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Town Gods Temple

4) Town Gods Temple

If you have a business in Shanghai, then you need to offer up some incense to the Taoist Town Gods at this temple. Intriguingly, the three town gods were all once real people - Qin Yubo was a scholar, Huo Guang a chancellor and Chen Huacheng was a qing dynasty general, all born several hundred years apart but deified after their deaths and assigned the task of watching over the city of Shanghai. Together they can be seen in other places around the Yu Gardens Bazaar, keeping an eye on all those transactions taking place. The temple dates back to 1403, but it fell into disrepair and was used as a market during the Cultural Revolution, and only restored to its use as Taoist temple once again in the 1990s.
5
Fangbang Lu Old Street

5) Fangbang Lu Old Street

This part of Fangbang Lu gives you a glimpse into Shanghai's past. Walk through this winding lane, and enjoy the sights, sounds and smells as you pass. This is where local people live, eat and work. There are wonton stalls, outdoor restaurants, rosewood furniture restorers, a tiny temple, and fruit shops selling all kinds of intriguing fruits. As you walk past the noodle stall at number 638, take a look at the noodle pullers making Langzhou hand-pulled noodles, a specialty from Western China. It's really entertaining! After you cross over busy Henan Lu the street is now lined with stalls selling light bulbs, shoes and belts and all sorts of odd things. This street is an unofficial men’s market. You may spot live chickens for sale, black market tea, and bootleg traditional Chinese medicine supplies.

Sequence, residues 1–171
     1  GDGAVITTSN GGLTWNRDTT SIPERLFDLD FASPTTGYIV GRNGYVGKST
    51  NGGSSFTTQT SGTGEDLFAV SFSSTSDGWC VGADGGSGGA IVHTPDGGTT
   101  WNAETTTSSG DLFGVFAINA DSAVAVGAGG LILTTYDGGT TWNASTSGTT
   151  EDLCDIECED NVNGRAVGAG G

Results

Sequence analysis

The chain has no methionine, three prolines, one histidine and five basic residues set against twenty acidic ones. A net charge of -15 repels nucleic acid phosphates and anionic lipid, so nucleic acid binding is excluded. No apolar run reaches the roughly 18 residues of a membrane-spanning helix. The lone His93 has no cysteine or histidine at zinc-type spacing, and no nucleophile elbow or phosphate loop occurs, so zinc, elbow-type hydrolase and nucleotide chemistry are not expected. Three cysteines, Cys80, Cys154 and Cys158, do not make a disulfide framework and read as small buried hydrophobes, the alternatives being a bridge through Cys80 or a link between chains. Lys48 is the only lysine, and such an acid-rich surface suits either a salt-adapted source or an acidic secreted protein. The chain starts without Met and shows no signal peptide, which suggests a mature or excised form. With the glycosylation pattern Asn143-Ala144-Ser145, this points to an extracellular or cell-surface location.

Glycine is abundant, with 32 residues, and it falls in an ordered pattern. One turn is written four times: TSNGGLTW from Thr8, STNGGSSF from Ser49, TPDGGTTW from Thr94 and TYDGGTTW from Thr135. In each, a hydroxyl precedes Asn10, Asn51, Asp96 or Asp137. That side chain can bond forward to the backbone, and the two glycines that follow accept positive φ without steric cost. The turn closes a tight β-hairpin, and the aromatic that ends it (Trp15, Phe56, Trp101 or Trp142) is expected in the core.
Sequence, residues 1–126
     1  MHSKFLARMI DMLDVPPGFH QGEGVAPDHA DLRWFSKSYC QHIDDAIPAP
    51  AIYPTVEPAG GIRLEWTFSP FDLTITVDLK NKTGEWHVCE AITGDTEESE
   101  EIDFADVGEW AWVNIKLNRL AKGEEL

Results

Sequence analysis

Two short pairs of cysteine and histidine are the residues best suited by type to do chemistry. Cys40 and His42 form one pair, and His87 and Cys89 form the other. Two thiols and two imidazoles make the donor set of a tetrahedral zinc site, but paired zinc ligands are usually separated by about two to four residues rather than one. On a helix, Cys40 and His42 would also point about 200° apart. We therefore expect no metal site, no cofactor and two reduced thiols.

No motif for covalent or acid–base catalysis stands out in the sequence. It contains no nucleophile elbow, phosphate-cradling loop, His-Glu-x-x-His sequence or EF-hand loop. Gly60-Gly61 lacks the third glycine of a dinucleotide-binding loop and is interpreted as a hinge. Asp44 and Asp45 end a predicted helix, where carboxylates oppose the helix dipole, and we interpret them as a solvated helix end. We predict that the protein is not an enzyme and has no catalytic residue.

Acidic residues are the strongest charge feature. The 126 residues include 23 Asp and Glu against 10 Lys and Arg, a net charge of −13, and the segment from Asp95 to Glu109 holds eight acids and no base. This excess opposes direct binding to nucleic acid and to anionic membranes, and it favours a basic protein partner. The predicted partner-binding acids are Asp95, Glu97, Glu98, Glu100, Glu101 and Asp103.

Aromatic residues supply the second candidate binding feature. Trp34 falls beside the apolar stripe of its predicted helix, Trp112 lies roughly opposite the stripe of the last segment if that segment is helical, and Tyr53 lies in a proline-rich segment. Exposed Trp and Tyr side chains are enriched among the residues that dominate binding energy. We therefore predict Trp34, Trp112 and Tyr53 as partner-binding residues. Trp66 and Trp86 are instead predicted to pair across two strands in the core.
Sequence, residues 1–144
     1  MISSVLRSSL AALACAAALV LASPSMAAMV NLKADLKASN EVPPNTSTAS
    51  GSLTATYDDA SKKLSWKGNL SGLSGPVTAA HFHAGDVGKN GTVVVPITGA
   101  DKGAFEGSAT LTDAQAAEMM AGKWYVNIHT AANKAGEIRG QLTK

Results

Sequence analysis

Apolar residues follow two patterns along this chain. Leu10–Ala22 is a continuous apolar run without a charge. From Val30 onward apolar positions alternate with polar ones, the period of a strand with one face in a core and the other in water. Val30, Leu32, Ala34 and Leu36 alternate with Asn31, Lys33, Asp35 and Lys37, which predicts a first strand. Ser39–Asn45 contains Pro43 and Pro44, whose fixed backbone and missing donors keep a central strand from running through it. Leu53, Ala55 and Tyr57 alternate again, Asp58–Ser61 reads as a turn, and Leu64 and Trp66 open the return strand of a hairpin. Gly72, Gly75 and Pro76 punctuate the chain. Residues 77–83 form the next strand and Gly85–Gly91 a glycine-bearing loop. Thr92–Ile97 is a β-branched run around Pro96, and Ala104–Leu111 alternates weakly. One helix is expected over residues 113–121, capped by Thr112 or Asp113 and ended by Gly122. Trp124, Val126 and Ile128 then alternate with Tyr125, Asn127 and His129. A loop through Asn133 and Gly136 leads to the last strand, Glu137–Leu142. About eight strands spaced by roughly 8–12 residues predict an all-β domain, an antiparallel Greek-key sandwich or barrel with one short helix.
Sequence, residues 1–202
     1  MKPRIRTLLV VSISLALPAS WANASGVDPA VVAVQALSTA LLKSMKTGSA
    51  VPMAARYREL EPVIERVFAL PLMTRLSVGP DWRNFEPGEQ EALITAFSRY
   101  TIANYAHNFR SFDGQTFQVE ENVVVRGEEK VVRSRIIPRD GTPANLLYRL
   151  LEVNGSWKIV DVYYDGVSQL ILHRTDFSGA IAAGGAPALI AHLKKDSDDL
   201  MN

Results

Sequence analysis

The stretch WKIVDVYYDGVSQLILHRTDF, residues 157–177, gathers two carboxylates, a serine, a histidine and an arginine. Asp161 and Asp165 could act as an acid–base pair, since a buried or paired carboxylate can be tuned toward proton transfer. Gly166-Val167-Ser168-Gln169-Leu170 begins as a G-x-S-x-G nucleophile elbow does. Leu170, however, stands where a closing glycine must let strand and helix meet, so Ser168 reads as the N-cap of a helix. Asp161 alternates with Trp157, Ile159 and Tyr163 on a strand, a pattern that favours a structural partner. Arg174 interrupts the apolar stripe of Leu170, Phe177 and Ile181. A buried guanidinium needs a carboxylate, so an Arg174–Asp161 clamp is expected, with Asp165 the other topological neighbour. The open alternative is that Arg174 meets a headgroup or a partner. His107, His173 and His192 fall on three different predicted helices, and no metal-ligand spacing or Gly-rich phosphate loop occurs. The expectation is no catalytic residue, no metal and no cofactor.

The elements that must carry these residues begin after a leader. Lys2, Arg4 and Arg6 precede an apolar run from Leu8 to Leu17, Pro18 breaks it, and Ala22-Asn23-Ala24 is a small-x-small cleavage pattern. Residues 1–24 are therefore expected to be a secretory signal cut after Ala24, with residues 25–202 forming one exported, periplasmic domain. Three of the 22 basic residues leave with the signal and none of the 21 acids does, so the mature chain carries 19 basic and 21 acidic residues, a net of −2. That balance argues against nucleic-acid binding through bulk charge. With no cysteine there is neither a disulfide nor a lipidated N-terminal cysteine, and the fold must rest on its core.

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Bird and Insect Market

6) Bird and Insect Market

This is one of Shanghai's most popular markets, and it’s open every day. The entrance is a little hard to find, hidden between two pet shops on the street front, but if you just follow the flow of people you'll find it easily. Inside, it’s literally buzzing with the sounds of thousands of crickets for sale. Some large, some small, the crickets are sold as pets and to take part in cricket fighting, an ancient Chinese hobby that is alive and thriving today. Look out for the tiny carved mahogany cricket boxes, the miniature bamboo cricket cages, and the various different tools for cleaning, grooming and goading your cricket. Who knew so much stuff was required to look after such a small pet? But this is all extremely serious business for cricket enthusiasts and you can watch men endlessly argue the finer points of each particular cricket, while nearby shops play footage of famous cricket fights on continuous loop. At the market you will also see birds, and exquisite hand-made birdcages, turtles, fish and everything you could possibly need to care for your pets.
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Dongtai Lu Antiques Market

7) Dongtai Lu Antiques Market

I could spend hours here every weekend, and I frequently do! This antique market is full of treasures both old and not so old. You’ll need to bargain hard when you find something you like! Look out for interesting jade pieces, old acupuncture models, and woven bamboo wedding baskets. You can also see the popularity of mao memorabilia – mao era statues, teapots, badges and posters line most of the stalls, while the shops in the rows behind the stalls sell the real antiques. As you walk along, look down into the tiny laneways running off each side of the street – these lanes are home to hundreds of families and daily life carries on regardless of what's happening in the market.
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Confucius Temple

8) Confucius Temple

This temple pays homage to the Chinese scholar Confucius, and has been a school and place of worship since the 12th century. The courtyards are peaceful and lined with huge magnolia trees. Outside the first small temple you will see a statue of Confucius, and notice the nearby trees are covered in red ribbons and cards. Visitors to the temple write their wishes on the back of the card and tie it to the tree for luck, and in the hope their wishes will be granted. This is where the tour ends, so take time to enjoy the tranquility of the temple grounds before heading back out into the hustle and bustle of the Old City.